New Subsurface Communication Frontiers

New Subsurface Communication Frontiers

05 Sep 2018, 13:45 - 15:15

Balmoral Suite
Language:
English

The environmental conditions that oil and gas operations face are extremely challenging, including explosive atmosphere, extreme operating temperatures, high vibration and shock, and often in remote locations without proper communication infrastructure. Furthermore, downhole communication is also highly demanding because of harsh temperature and pressure, presence of multiphase and conductive fluids, complex formation, strict reliability requirements and long communication distances. As such, many times these communications and data methods are kept in silos, creating a lack of connectivity or “single-source-of-truth” understanding for oil and gas organizations. Developing reliable, connected, smart communication systems under these conditions pose significant challenges.

This session will allow delegates to take a deeper dive into emerging trends and next-generation technologies including Industrial Internet of Things (IoT) and advanced sub-surface acoustic/EM techniques. The session will also focus on what we can learn from other industries, and examine how these technologies can be adapted for O&G applications.


1345-1405: Presentation title TBC 

Pieris Hadjipieris, Deputy CEO, PETEX   
                                                      

1405-1425: Industrial Internet of Things (IoT) for Oil & GAS Industry

Ken Hosac, Cradlepoint

1425-1445: Wireless Intelligent Completions: today’s reality and the vision for the future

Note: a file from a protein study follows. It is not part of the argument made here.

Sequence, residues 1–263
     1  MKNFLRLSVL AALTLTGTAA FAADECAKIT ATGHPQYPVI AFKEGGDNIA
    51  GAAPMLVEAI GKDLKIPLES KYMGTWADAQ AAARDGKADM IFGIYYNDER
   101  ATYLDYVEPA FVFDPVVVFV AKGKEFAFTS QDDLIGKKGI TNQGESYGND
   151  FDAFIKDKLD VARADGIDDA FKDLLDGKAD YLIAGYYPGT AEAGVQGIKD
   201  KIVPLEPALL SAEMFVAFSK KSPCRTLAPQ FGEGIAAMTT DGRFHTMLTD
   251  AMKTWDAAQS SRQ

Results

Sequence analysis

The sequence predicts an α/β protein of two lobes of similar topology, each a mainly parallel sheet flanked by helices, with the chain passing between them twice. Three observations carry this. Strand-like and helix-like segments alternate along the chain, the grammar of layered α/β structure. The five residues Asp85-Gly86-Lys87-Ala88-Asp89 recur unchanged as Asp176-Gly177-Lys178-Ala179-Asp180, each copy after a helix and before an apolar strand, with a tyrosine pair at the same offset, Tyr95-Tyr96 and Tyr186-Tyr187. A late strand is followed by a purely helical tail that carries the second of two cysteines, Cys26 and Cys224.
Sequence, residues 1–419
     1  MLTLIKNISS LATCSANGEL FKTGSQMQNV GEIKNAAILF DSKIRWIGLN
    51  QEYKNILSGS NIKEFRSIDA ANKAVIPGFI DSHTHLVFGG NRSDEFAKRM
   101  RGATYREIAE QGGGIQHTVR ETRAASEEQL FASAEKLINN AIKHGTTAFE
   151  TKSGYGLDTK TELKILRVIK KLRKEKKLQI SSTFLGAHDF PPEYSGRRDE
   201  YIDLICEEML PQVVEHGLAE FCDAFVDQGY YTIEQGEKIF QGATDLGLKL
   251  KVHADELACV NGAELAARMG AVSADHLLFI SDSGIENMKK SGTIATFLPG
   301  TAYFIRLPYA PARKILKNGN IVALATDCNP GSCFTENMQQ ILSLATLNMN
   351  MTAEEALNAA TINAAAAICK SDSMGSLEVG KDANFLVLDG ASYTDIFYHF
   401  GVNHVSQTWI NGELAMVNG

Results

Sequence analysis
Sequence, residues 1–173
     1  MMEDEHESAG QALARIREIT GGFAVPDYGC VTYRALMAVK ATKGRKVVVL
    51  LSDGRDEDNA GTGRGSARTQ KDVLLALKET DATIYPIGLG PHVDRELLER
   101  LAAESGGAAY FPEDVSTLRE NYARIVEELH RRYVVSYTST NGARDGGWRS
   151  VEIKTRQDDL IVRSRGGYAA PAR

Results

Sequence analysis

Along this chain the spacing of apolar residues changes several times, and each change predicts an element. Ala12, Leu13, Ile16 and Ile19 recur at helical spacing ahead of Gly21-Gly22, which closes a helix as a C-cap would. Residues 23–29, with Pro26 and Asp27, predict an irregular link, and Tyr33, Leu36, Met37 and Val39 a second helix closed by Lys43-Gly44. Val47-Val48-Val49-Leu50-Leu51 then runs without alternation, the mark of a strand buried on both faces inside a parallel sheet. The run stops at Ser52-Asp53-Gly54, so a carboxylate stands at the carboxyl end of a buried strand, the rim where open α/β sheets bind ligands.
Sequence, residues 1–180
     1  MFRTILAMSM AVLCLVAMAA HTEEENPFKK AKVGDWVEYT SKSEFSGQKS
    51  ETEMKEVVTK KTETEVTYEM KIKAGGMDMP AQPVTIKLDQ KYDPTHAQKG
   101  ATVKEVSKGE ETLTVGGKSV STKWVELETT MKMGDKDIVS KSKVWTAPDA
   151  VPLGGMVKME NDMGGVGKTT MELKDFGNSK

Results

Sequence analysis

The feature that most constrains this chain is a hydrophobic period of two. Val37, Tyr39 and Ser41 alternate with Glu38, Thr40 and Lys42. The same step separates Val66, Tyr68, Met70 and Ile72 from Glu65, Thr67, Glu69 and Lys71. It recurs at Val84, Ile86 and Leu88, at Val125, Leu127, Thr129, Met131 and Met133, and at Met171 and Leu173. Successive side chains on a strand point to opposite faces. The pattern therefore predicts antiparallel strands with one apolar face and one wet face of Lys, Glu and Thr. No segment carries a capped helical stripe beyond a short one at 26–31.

Annabel Green, CTO at TENDEKA
                                   

1445-1515: Activity: Darth Vader meets Upstream: the impact of human behavior, culture and politics on cyber security.

Cyril Widdershoven, Director VEROCY, Geopolitical and Financial Analyst

Global energy is confronted by an increased amount of cyber threats, not only due to increased interconnectivity of operations, but also because of misperceptions on the impact of cultural, political and human interaction that is playing a role in the overall implementation of cyber security in the oil and gas sector. Well-known cyber attacks, such as Shamoon, Wanna-cry and others, have shown that human interaction, based on cultural and political differences inside and outside of an organisation can constrain the effectiveness of cyber security programs. The combination of still existing silo-mentalities within organisations, the ongoing discussions between operational and IT departments on who’s leading the full implementation, in combination with cultural differences or political issues, substantiate a totally different approach to ICS/IOT security. Without addressing the company focused constraints, other potential threats are not even able to countered in future. The wide range of threats, coming from inside operators (Human Factors), competitors or service suppliers, have been already discussed widely but still lack a coherent project focused approach. At the same time, oil and gas operators and service suppliers are increasingly facing threats from international actors (hackers) or national organisations, who’s capabilities are way above any available countermeasures of NOCs, IOCs or oil-service companies. Research has shown that national actors (governments) have become the main threat to security at present. Geopolitics are playing a much more important role than energy companies at present are aware off. Attacks on energy infrastructure in US, Ukraine, NL and the Arab world, have proven this point already. The reactions however are rather subdued.  It is time to find the Force to combine knowledge, culture and insights, into an approach able to counter or mitigate technical threats, while addressing cultural, political and human factors at the same time.                                                                

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